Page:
- Editor's Note
With this issue, Buildings & Landscapes is pleased to announce transitions in our editorial team. Cynthia G. Falk, Professor of Material Culture in the Cooperstown Graduate Program at SUNY-Oneonta, has served faithfully as an editor of the journal for the past five years. She has stepped down as part of the editorial rotation planned by the VAF Board. An ambitious scholar, Cindy has published two books: Architecture and Artifacts of the Pennsylvania Germans: Constructing Identity in Early America (Penn State, 2008) and Barns of New York: Rural Architecture of the Empire State (Cornell, 2013). Cindy has put many projects on hold to devote herself to the journal, and we know she will now take those up in earnest. Matthew G. Lasner, associate professor at Hunter College, has been our excellent book review editor for the past three years. Matt is author of High Life: Condo Living in the Suburban Century (Yale, 2012) and editor of Affordable Housing in New York: The People, Places, and Policies That Transformed a City (Princeton, 2015). Building on the achievements of his predecessors, Matt has solidified the book reviews as a core part of the journal, expanding the kinds of books reviewed as well as quantity (you will see in this issue we have thirteen book reviews!). The organization and its members are grateful for Cindy's and Matt's leadership and wish them well.
New editors are stepping in to fill these very big shoes. Carl Lounsbury, formerly of the Colonial Williamsburg Foundation and currently at the College of William and Mary, joins me as the journal's coeditor. As many of you know, Carl is a founding member of the VAF, a past president, and is well known for having attended each and every annual conference dating back to the organization's founding in 1980. Carl has authored and edited numerous books and countless journal articles, among them The Courthouses of Early Virginia: An Architectural History (Virginia, 2005); the always-useful Illustrated Guide to Early Southern Architecture and Landscape (Oxford, 1994); and the monumental volume (coedited with Cary Carson) The Chesapeake House: Architectural Investigation by Colonial Williamsburg (North Carolina, 2013). Carl's scholarly expertise as a historian of early America as well as his engagement with museums and public history make him ideally suited to serve as an editor of Buildings & Landscapes.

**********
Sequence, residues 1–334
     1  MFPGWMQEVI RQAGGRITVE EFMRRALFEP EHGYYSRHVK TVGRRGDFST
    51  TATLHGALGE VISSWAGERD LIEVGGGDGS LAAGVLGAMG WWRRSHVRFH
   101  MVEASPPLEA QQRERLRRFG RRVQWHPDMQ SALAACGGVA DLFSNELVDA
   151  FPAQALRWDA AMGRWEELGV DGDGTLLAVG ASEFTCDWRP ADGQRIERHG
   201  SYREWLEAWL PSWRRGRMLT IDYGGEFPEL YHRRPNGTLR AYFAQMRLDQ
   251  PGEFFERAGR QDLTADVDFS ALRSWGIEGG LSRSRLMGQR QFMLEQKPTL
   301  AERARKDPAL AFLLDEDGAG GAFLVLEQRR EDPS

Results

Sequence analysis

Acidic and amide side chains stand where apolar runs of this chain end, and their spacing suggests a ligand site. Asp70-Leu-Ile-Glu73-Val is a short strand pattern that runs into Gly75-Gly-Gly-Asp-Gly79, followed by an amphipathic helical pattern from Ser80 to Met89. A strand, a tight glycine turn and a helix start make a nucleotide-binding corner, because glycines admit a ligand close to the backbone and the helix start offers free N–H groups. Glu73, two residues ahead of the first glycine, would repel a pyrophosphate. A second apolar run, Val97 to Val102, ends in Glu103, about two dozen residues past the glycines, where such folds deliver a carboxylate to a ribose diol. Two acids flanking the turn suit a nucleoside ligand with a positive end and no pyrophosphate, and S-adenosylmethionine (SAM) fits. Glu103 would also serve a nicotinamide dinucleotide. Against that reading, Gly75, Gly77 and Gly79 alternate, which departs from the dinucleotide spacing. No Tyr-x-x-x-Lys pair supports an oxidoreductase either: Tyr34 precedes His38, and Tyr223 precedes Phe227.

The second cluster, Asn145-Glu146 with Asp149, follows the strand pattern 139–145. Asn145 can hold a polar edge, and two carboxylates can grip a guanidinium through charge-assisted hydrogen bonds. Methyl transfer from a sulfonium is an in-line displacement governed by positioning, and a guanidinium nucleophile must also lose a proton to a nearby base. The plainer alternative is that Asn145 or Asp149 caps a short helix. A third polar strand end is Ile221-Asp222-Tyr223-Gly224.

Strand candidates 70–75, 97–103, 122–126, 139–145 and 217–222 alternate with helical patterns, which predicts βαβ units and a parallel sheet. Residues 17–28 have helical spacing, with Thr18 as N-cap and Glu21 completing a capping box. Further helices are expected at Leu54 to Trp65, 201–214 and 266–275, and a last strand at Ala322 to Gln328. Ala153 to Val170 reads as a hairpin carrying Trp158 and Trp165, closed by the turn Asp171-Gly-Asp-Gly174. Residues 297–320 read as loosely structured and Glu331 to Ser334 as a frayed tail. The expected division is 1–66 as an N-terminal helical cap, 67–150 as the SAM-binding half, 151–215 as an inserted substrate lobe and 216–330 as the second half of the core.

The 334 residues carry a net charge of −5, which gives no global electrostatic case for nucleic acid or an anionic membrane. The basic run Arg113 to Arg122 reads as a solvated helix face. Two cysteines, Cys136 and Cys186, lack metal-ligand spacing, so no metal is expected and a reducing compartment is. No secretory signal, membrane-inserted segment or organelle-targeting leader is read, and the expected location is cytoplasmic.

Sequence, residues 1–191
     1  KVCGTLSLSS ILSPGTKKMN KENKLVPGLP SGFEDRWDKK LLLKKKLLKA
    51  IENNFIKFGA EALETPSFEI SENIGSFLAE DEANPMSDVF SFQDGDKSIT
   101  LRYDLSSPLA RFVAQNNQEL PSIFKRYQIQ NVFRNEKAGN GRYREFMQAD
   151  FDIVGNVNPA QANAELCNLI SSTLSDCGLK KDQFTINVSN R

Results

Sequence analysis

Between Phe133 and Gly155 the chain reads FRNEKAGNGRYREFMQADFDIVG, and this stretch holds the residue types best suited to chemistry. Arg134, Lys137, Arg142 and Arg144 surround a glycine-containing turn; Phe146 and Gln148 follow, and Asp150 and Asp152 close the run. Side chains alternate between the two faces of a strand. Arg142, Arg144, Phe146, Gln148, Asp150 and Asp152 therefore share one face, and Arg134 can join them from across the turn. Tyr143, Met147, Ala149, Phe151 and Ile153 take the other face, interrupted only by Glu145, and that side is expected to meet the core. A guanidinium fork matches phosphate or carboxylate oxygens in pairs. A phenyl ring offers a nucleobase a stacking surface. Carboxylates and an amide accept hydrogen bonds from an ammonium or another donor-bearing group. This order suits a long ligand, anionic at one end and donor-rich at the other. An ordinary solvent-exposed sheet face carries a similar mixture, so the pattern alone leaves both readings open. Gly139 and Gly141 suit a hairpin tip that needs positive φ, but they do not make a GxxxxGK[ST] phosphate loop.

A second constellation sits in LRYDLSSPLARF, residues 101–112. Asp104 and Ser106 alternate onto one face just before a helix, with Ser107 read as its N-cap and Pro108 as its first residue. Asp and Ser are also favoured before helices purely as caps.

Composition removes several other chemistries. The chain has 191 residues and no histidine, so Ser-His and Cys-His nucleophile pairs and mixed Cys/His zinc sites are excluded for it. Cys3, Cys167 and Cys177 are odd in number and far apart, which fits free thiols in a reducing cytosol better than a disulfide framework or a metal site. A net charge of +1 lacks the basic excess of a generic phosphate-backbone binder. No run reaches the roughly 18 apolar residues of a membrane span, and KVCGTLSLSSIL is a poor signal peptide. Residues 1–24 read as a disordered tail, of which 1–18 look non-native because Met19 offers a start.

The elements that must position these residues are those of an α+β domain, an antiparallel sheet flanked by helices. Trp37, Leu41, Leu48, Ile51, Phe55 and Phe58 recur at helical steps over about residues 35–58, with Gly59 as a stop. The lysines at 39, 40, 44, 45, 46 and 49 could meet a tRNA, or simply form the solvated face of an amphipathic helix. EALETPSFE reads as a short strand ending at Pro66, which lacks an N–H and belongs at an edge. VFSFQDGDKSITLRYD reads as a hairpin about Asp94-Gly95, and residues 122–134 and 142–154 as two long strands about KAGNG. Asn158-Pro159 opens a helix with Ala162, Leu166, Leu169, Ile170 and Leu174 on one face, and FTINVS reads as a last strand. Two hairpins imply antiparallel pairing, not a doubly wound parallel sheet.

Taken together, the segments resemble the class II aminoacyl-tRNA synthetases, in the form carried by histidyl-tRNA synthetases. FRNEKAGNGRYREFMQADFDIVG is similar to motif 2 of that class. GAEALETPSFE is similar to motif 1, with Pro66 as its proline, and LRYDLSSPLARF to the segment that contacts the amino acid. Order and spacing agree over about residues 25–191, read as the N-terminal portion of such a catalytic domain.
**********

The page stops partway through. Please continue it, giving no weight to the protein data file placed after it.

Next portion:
I'm also pleased to welcome a dynamic team of book review editors to the journal, both associate professors from the School of Architecture at the University of Virginia. Andrew Johnston teaches a variety of courses in historic preservation and classes that integrate preservation and the practice of design. His book Mercury and the Making of California: Mining, Landscape, and Race, 1840–1890 was published by the University Press of Colorado in 2013. Jessica Sewell teaches courses in urban studies as well as courses in gendered space and material culture; she also holds an appointment in the American Studies program. Jessica is author of Women and the Everyday City: Public Space in San Francisco, 1890–1915 (University of Minnesota Press, 2011) as well as numerous articles, including some in [End Page v] this journal. We look forward to Andrew and Jessica continuing to expand the range of pieces reviewed in this journal.
Buildings & Landscapes remains in very capable hands under the new team and with the support of the tremendous staff at the University of Minnesota Press. Suffice it to say that while I will truly miss working closely with Cindy and Matt, I have enjoyed the transition as the new editors have assumed their duties. The VAF welcomes a great variety of scholars and practitioners, and this range will be represented in the kinds of scholarship this team will bring to the pages of the journal. Buildings & Landscapes remains dedicated to understanding all facets of the built environment and its relationship to people and place. [End Page vi]